When the largest public accounting firms in the U.S. had their employees move their battlestations from the office to home in mid-March because of the coronavirus pandemic, we had no idea what was going to happen next.
But some accountants who worked at the Big 4 and the top midtier firms during the financial crisis offered up some clues on the usual chatter sites in early spring about what the firms might do if business dries up, money from clients stops coming in, and the economy starts to tank due to the Rona: they would cut employee pay and reduce partner draws, cut or offer lower raises and bonuses, and cut jobs.
And that’s exactly what happened.
While many employees grumbled about having their salaries reduced for several months and not getting the raises they felt they deserved while maintaining ridiculous workloads, at least they still had jobs. But for a couple thousand people (or more), they were told their services were no longer needed and found themselves unemployed during the worst pandemic in our lifetime.
So it should come as no surprise that our top five most popular posts on Going Concern in 2020 were about layoffs at Big 4 firms—not just in the U.S. but also in Canada.
Layoff Watch ’20: Deloitte Has Begun Handing Out Thousands Of Pink Slips
Practice leaders at Deloitte told their staffs on May 29, two days before the start of the firm’s new fiscal year, that a bunch of people would be getting pink slips in the very, very near future.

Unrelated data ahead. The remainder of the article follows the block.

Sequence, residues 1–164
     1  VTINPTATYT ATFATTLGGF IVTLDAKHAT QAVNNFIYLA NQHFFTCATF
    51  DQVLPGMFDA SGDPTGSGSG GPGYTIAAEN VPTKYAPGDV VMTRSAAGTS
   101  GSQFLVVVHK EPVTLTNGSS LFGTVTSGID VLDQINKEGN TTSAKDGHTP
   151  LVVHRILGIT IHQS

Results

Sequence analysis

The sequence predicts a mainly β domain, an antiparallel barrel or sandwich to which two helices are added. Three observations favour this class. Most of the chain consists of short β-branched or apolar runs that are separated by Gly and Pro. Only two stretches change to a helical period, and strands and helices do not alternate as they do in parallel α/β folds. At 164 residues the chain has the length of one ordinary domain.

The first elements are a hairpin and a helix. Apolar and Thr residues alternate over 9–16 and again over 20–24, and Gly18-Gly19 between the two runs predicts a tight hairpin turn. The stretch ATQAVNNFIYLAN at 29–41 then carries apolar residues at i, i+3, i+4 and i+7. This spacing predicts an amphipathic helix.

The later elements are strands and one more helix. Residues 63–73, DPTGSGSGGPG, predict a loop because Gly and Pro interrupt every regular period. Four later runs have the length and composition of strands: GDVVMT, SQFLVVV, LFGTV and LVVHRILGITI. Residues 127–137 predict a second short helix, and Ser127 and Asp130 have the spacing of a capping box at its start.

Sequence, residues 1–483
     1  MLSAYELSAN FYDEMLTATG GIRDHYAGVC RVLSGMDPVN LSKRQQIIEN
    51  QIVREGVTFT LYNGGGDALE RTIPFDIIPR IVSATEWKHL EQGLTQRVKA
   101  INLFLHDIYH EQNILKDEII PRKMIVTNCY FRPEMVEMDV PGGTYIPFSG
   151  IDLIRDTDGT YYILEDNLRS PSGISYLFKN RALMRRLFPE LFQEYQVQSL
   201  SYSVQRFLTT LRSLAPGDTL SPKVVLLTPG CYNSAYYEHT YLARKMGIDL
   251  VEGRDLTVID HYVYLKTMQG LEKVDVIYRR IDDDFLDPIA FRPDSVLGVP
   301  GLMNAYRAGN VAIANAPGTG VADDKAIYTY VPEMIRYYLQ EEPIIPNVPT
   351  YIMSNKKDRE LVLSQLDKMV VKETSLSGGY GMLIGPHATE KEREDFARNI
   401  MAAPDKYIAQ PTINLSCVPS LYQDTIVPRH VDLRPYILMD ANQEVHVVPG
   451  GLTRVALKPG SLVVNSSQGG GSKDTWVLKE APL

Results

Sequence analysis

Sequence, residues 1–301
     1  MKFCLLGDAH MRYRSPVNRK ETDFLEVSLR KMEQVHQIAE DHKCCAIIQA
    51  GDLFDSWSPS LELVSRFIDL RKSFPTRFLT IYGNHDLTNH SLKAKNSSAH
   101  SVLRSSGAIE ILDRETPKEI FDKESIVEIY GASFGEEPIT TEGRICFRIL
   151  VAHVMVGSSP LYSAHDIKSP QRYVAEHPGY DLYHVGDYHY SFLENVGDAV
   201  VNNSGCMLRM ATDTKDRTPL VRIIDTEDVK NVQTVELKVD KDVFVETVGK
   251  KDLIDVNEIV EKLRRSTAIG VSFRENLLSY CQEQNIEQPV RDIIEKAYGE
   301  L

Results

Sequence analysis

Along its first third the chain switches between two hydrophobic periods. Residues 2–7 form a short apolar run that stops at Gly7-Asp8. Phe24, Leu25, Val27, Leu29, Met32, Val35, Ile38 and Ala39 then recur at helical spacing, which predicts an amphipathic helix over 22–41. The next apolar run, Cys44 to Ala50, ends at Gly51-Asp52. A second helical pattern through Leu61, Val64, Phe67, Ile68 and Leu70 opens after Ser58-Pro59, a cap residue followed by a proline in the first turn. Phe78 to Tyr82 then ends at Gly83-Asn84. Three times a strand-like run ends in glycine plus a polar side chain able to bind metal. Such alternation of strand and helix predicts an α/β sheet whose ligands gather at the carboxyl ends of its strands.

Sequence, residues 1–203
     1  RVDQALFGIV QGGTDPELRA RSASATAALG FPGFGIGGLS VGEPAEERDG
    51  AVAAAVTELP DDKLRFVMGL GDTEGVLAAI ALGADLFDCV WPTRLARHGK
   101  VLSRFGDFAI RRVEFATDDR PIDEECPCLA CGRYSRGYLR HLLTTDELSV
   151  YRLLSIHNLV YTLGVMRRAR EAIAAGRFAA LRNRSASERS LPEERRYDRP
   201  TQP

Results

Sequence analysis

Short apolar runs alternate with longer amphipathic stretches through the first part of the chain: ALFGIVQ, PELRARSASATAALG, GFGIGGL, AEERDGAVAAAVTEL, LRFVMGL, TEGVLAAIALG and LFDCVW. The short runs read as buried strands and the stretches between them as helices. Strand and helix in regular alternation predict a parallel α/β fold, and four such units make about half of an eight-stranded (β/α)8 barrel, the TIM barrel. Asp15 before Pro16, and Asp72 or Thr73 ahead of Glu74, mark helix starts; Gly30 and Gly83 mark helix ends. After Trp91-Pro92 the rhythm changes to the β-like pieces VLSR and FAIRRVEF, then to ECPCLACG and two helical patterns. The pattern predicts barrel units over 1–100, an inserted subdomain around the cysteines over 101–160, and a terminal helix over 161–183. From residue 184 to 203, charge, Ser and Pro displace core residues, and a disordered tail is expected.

Deloitte ended up laying off about 5% of its U.S. workforce, across all service lines, which would impact an estimated 5,000 or so Green Dotters. The layoffs occurred over the course of several weeks.
Based on tips we received and posts we saw on Reddit, the layoffs not only affected low performers and those “on the bench” but also those with high utilization. For example, one person posted on Reddit:
Had my call this morning. Officially laid off/separated. Was told it had nothing to do with performance issue or personnel stuff, just simply due to economic struggles at the moment.
And another posted on Reddit:
Advisory Cyber Risk – just laid off. 11 months at Deloitte, Util was great, had one average rating on scatterplot, but all others were great.
In addition to the layoffs, we were told an additional 1.5% of Deloitte employees would either be furloughed or have their work hours reduced with reduced pay.
Layoff Watch ’20: It’s Pink Slip Day at KPMG
On Sept. 29, two days before the start of KPMG’s 2021 fiscal year, 1,400 people were notified that they no longer had a job with the firm.